## Saturday, July 14, 2007

Saturday Afternoon Puzzle Club

A couple of weekends ago my daughter and I sat down with a brainpower DVD we picked up from the Times earlier this year. While we found that we could make good progress on most of the analytical puzzles as long as we spent enough time on each problem, we are unfortunately both quite lazy, and it didn't take long for us to start cheating.

For example:
When the letters of the following words are placed together how many eight letter words can you form?

VINE + FROG

The anagram puzzles are easiest to cheat on. All you need is a program that computes all the permutations of the letters and looks each resulting word up in an online dictionary to see if it's there. Now it's easy enough to find an online anagram search to do this, so you don't have to write one yourself.

But what happens if you have to compute the permutations of something other than letters in words, in particular, mathematical symbols?

Assume you are using a basic calculator. Press the numbers in order and replace each question mark, as you go, with a mathematical symbol. Using plus, minus, multiply and divide once only how many different arrangements are there for this equation to equal four?

7 ? 1 ? 7 ? 7 ? 4 = 4

In this case, you could evaluate the above expression with all permutations of the four symbols: * - / + and reject the ones that don't match. Now I realise that it would take longer for me to write a program to do this than it would for an eight-year-old to sit down and work out each of the possible values, but earlier this week I picked up the second and third fascicles of Volume 4 of Donald Knuth's Art of Computer Programming, and I felt like coding.

Algorithm L (lexicographic permutation generation) looks like this in Smalltalk:
`LexicalPermutor >> permute: aSequenceableCollection| n j l k |"Precondition: the sequence is sorted lexicographically - necessary for step L3 to work"sequence := OrderedCollection withAll: aSequenceableCollection asSortedCollection.n := sequence size.[ "L1. visit the sequence" visitor visit: self. "L2. find j, the smallest subscript such that all permutations up to j have been visited" j := self smallestSubscriptVisited. "L3. increase a[j] (the current element in the sequence)" l := n. [(sequence at: j) >= (sequence at: l)] whileTrue: [ l := l - 1 ]. sequence swap: j with: l. "L4. reverse a[j+1]...a[n]" k := j + 1. l := n.  [ k < l ] whileTrue: [   sequence swap: k with: l.   k := k + 1.   l := l - 1 ]. ] repeat ]`
where step L2 finds the smallest substring that hasn't yet been permuted (and also provides us with a stopping condition)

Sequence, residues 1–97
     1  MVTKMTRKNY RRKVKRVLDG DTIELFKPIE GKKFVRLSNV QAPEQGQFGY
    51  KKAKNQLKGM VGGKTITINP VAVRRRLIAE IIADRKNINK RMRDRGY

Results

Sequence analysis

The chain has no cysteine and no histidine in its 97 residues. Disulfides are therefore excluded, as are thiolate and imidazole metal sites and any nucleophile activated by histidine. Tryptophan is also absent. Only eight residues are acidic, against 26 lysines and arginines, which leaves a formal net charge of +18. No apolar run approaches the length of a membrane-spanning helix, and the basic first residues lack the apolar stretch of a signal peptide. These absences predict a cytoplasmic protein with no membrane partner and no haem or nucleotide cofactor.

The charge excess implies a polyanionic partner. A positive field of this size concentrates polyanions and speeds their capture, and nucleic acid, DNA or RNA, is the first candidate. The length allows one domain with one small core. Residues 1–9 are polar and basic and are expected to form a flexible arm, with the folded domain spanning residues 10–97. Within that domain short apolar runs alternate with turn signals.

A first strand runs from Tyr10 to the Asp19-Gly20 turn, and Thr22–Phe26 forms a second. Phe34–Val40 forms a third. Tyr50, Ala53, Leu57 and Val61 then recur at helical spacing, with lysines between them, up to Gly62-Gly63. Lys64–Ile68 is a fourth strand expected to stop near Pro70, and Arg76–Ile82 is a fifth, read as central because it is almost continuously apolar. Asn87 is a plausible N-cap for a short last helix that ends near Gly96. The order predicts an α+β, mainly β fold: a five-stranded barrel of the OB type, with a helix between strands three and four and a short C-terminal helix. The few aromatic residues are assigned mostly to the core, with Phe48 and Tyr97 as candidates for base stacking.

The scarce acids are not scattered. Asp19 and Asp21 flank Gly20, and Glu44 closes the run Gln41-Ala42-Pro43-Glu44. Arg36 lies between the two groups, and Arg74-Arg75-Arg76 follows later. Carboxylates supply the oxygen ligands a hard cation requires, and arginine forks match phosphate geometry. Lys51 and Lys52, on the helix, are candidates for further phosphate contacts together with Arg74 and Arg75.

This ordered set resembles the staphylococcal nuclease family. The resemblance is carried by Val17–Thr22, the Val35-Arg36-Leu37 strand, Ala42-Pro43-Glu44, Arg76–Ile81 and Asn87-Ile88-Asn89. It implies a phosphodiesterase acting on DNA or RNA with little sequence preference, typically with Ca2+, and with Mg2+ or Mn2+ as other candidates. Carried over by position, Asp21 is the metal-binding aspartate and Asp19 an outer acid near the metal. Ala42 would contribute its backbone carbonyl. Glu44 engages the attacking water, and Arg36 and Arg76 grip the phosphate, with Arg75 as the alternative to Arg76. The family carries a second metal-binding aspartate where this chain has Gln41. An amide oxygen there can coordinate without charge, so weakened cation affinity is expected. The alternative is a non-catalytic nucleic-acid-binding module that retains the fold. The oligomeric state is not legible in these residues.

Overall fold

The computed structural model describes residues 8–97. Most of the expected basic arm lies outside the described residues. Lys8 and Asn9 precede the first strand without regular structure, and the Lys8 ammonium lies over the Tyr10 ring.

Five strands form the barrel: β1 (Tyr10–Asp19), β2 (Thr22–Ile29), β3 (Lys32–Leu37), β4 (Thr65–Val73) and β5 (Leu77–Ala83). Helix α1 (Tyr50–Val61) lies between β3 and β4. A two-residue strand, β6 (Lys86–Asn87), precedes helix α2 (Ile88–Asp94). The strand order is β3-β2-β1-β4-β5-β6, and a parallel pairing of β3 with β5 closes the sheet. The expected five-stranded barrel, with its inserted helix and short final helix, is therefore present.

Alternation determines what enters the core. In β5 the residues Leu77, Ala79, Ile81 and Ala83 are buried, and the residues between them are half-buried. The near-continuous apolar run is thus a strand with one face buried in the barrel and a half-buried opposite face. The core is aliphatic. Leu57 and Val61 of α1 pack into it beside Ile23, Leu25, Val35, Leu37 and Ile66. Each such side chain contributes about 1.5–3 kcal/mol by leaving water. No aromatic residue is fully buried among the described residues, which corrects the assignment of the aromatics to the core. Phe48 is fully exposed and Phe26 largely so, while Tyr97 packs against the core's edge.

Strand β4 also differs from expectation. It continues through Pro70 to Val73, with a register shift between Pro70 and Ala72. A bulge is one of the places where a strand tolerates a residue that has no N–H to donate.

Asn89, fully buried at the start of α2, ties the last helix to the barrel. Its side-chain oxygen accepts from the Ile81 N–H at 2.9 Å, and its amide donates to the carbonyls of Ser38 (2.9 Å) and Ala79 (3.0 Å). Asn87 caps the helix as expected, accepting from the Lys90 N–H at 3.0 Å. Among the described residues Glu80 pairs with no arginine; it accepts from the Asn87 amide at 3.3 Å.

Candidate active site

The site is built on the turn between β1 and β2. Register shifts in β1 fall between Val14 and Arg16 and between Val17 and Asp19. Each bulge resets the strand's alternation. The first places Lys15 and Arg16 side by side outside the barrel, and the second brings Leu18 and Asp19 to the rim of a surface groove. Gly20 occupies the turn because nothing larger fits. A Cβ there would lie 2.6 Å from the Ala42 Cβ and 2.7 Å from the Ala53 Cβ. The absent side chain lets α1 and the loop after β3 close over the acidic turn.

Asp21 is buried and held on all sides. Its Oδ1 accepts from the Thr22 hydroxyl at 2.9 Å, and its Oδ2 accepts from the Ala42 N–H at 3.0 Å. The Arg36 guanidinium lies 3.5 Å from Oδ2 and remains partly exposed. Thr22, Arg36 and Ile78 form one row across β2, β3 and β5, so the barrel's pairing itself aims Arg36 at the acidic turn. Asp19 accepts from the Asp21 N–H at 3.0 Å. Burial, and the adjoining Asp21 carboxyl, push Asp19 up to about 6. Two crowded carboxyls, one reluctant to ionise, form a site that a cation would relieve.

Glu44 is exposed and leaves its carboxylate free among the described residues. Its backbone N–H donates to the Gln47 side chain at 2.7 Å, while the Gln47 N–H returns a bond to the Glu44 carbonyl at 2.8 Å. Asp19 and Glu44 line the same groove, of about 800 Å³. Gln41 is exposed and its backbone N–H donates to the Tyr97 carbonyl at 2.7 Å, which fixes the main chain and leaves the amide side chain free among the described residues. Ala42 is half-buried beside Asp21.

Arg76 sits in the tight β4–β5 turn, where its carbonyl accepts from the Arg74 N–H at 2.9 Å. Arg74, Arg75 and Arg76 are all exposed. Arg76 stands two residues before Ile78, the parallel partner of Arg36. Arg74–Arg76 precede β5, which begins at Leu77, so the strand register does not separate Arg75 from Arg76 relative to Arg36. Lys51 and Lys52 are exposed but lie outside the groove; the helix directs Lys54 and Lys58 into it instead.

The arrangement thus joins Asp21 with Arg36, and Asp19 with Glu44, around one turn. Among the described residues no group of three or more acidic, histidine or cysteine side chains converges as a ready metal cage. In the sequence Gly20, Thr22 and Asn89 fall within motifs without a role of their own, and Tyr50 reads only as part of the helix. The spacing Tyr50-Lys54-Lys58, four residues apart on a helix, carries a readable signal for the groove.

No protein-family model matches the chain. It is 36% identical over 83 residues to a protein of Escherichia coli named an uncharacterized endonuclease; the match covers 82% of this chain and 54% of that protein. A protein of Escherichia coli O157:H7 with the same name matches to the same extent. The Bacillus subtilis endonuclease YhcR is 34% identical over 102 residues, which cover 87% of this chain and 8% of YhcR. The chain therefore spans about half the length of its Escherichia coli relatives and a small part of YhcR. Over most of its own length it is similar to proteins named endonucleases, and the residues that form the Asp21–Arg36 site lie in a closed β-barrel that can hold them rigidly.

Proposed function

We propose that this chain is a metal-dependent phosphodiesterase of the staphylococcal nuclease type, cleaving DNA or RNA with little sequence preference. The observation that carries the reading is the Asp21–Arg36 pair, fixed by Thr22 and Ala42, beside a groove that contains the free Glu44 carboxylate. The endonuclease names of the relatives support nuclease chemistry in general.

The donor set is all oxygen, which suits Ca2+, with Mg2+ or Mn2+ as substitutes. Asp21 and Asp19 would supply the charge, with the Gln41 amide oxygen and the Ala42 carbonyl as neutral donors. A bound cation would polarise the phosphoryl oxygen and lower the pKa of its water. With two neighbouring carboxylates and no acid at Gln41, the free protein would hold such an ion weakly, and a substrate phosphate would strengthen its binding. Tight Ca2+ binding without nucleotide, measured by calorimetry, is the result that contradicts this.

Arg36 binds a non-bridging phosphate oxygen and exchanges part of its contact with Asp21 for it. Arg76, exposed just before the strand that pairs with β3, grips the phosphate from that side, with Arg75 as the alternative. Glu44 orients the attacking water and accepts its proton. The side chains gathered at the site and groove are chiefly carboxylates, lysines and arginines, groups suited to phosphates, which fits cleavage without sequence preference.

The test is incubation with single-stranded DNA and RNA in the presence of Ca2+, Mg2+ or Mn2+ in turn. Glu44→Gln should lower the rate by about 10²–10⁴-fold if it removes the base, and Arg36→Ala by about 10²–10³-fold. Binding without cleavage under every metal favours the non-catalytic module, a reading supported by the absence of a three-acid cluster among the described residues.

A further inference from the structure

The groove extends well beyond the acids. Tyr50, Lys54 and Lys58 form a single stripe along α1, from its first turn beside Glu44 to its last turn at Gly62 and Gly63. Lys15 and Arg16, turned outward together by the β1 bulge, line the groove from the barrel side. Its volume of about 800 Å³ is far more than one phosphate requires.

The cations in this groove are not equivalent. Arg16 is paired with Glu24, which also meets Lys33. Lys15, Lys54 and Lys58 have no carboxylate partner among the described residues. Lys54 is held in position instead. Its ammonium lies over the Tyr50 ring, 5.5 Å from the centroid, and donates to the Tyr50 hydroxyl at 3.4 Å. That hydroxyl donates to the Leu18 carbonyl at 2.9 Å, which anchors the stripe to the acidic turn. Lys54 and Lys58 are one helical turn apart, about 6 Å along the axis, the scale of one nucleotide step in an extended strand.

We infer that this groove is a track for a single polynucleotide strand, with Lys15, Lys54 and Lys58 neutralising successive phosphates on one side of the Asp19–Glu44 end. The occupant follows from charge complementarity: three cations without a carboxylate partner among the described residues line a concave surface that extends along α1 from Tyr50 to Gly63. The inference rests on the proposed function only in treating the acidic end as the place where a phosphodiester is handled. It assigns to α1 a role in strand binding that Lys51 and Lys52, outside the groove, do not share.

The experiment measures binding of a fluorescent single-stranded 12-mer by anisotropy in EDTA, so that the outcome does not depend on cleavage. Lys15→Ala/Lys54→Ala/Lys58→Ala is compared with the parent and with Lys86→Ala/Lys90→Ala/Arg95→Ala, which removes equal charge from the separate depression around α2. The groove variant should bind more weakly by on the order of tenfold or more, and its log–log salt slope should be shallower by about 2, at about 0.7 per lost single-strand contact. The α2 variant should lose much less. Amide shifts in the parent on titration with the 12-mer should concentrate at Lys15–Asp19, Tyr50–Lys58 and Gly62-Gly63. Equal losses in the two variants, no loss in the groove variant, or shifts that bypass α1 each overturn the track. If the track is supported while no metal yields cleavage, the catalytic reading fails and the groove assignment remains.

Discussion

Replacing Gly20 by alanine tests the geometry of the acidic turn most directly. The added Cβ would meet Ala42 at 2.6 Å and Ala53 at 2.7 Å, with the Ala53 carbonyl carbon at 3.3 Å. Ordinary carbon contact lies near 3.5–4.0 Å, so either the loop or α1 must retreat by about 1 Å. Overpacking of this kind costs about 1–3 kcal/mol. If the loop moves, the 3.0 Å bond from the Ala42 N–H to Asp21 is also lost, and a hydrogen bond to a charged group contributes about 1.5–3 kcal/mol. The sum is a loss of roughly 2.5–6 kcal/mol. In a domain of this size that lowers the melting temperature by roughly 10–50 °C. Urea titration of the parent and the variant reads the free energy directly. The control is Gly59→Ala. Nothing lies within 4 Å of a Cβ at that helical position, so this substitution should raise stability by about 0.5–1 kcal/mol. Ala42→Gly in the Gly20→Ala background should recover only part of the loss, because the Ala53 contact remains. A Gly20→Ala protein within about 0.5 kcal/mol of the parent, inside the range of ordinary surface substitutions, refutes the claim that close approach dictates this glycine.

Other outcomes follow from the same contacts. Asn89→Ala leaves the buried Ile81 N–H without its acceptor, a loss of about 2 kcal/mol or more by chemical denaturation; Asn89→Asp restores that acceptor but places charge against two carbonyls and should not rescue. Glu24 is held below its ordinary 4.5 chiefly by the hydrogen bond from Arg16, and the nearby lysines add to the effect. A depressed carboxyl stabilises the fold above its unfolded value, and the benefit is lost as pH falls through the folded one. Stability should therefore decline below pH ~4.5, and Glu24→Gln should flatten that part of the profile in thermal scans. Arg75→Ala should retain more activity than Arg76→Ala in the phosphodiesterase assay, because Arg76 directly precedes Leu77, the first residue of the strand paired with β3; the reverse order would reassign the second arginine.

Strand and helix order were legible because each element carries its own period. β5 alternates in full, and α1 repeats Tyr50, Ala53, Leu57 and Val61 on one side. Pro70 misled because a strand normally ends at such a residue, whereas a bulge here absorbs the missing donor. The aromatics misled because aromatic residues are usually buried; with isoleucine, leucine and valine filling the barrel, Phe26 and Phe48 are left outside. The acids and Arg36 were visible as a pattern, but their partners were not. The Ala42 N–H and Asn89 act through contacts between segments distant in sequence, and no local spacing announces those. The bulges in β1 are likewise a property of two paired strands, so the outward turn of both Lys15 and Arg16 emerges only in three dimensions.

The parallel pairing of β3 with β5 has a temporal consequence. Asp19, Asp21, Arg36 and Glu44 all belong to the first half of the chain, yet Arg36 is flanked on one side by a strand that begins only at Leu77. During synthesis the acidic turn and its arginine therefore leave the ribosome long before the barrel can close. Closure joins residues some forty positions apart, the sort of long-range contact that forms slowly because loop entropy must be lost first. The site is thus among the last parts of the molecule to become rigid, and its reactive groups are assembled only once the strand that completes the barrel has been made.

`LexicalPermutor >> smallestSubscriptVisited| j |j := sequence size - 1.[(sequence at: j) >= (sequence at: j+1)] whileTrue: [ ((j := j - 1) = 0)     ifTrue: [PermutationCompleteException raise]].^j`
The cool thing about this is that you can pass in any sequence of symbols you want - for example you could pass in the string 'vinefrog' and have a visitor class that looks up the value in a dictionary.

At the beginning of the book Knuth says that enumerating the permutations is just a fancy way of saying that we are counting them, which is actually not very interesting. Nor is it interesting to list them. What we want to do is visit them and do something intelligent. The visitor is doing the application-specific stuff, and the permutation algorithm essentially acts as a black box.

In this particular example, we want the visitor to evaluate an expression and only write an answer if the result is the same as some target value.

The permutation algorithm lives in a class called LexicalPermutor, and the visitor is called a FunctionListVisitor, which gets initialized with some parameters and a target value:

`LexicalPermutor class >> example| permutor visitor |permutor := LexicalPermutor new.visitor := FunctionListVisitor new numberList: #(7 1 7 7 4); target: 4.permutor accept: visitor.permutor permute: '+-*/'.`

To answer the puzzle then, all we need is a visit: method that evaluates the expression, tests the result and prints a message if it finds something interesting:

`visit: aTarget[accumulatedValue := numberList first.aTarget sequence keysAndValuesDo: [ :index :function | accumulatedValue := accumulatedValue perform: function asSymbol with: (numberList at: index + 1) ]]     on: Number divisionByZeroSignal     do: [ :ex | ^self ]."Notify the world of successful evaluation"(accumulatedValue = target) ifTrue: [     total := total + 1.     Transcript cr; show: total printString; tab.     self print: aTarget sequence on: Transcript withResult: target ]`
The first block of code just does what your calculator would do as you successively go through and perform: the function on the accumulated result (with a check for division by zero).

The second block just prints the result, which looks like this:

`1    7 * 1 - 7 / 7 + 4 = 42    7 * 1 / 7 + 7 - 4 = 43    7 + 1 * 7 / 7 - 4 = 44    7 + 1 / 7 * 7 - 4 = 45    7 / 1 - 7 * 7 + 4 = 4`
The answer is 5. But I knew that because an eight-year-old told me the answer before I could figure it out for myself.

The visitor to solve the following puzzle is very similar to the one above:

Assume you are using a basic calculator and press the numbers in the order shown, replacing each question mark with a mathematical sign. Plus, minus, multiply and divide can each be used once only. What is the highest number you can possibly score?

7 ? 6 ? 1 ? 8 ? 9 = ?

The next step is to look algorithms to generate combinations of t items taken n at a time. This will solve puzzles like this:

Add together three of the following numbers each time to score 18. How many different combinations are there to do this?

0 4 6 8 10 12 14